Mexico and the NAFTA Negotiations | Wilson Center
6th Floor, Woodrow Wilson Center

Mexico and the NAFTA Negotiations

Webcast available

Webcast Recap

This week, negotiators from the United States, Mexico, and Canada will begin talks to modernize NAFTA.   How will the agreement change? Will all three countries remain in it? Top experts weighed in on what Mexico’s goals and red lines are, how the United States will likely respond, and what challenges and opportunities North America faces in the upcoming talks.  

Key Quotes:

Duncan Wood:

“[The NAFTA negotiations] come with an enormous amount of anxiety – anxiety about whether or not this can be a successful negotiation, anxiety about whether the U.S. executive branch will stick with it, anxiety about questions of timing and political change.”

“It’s worth remembering how far Mexico has come since NAFTA was negotiated…The changes that took place during the 1980s, largely because of the Latin American debt crisis and the Mexican debt crisis in particular, and then locked in by the NAFTA, those are things we kind of take for granted nowadays, but it is an extraordinary journey.”

Luz Maria De La Mora Sanchez:

“It will be a daunting task for Canada and Mexico to sit down with the U.S. when it seems that President Trump views this opportunity as payback time and also has outlined an agenda that is clearly tainted with protectionist and nationalist perspectives.”

“The question is: How do we revitalize NAFTA in order to strengthen the competitive position of the region and integrate those that have been left behind into the benefits of globalization…The integration of the North American market is the way to boost the region’s competitiveness, job creation, business opportunities, and innovation.”

Francisco de Rosenzweig

“When NAFTA was negotiated, somehow the dispute mechanism was the best approach that was possible to negotiate then, but maybe there are some new provisions and elements that could be added to NAFTA 2.0.”

“If we’re going to be able to deliver [a new NAFTA] by early 2018, it depends on the strategy that each country will follow. Because if you start from scratch, and you put on the table chapters…that have been in place over the last 23 years, I think it’s going to be quite hard to deliver by then.” 

Fred Bergsten

“Failure is an option. We don’t like to say that. We don’t like to think that, but it’s true… And that means it’s critically important for [Canada and Mexico]… to keep foremost in everyone’s mind how costly that would be to the United States.”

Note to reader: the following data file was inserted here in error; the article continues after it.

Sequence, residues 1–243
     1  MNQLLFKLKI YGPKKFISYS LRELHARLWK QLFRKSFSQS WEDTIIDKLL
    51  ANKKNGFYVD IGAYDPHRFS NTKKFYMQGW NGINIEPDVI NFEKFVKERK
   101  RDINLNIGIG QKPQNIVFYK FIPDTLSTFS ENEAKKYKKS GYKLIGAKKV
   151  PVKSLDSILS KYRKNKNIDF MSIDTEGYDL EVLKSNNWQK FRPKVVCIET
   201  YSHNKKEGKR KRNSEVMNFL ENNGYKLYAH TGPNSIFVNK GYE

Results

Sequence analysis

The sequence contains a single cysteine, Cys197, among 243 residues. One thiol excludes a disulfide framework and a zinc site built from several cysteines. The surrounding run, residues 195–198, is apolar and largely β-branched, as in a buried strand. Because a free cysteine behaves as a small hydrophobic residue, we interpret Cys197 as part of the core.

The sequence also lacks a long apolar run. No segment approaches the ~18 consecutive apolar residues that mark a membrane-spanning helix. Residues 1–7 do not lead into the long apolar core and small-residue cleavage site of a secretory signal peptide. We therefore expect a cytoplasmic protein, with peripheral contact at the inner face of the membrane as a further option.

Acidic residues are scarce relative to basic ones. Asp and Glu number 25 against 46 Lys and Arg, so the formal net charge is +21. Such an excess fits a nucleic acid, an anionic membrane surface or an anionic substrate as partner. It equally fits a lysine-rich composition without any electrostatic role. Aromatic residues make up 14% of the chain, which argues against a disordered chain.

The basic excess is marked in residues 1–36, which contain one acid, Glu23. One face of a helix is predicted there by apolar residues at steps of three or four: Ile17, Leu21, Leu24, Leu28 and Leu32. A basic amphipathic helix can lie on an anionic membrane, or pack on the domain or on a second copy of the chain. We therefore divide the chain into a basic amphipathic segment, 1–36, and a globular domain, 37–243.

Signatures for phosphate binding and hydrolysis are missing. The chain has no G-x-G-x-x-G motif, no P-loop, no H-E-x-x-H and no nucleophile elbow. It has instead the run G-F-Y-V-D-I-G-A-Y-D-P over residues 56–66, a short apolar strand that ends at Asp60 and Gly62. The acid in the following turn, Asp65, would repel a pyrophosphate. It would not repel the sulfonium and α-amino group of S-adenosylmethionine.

“The best outcome obviously is a traditional trade-type negotiation that will strengthen the Mexican economy… If the United States and the Trump administration really want to strengthen the U.S. trade balance toward Mexico, there’s only one obvious way to do it: strengthen the Mexican economy. Because if [Mexico] grows faster, it will import more. If it has a stronger peso, the U.S. will be more price-competitive.”

Christopher Wilson

“The fundamental red line for Mexico is market access. If you can deal with the [trade] deficit by expanding trade rather than limiting and restricting trade, well then dealing with the deficit might be something you can tackle in the negotiations. There are other areas where you can see potential conflict based on this principle of a red line being market access.”

“I’m actually rather optimistic that we can reach a moderate update to the agreement that is acceptable to both sides… [I’m optimistic] because U.S., Mexican, and Canadian interests on trade are fundamentally quite well aligned. I’m not talking about the politics, but at a real level – a real economic level – our interests are quite well aligned, and that will and that does filter into the politics of the situation.” 




  • Christopher Wilson

    Deputy Director, Mexico Institute
  • Francisco de Rosenzweig

    Global Fellow
    Partner, White & Case LLP; Former Undersecretary for Foreign Trade, Ministry of the Economy, Mexico
  • Luz María De La Mora

    Former Mexico Public Policy Scholar
    Undersecretary for Foreign Trade, Secretariat of Economy, Mexico
  • Fred Bergsten

    Director Emeritus, Peterson Institute for International Economics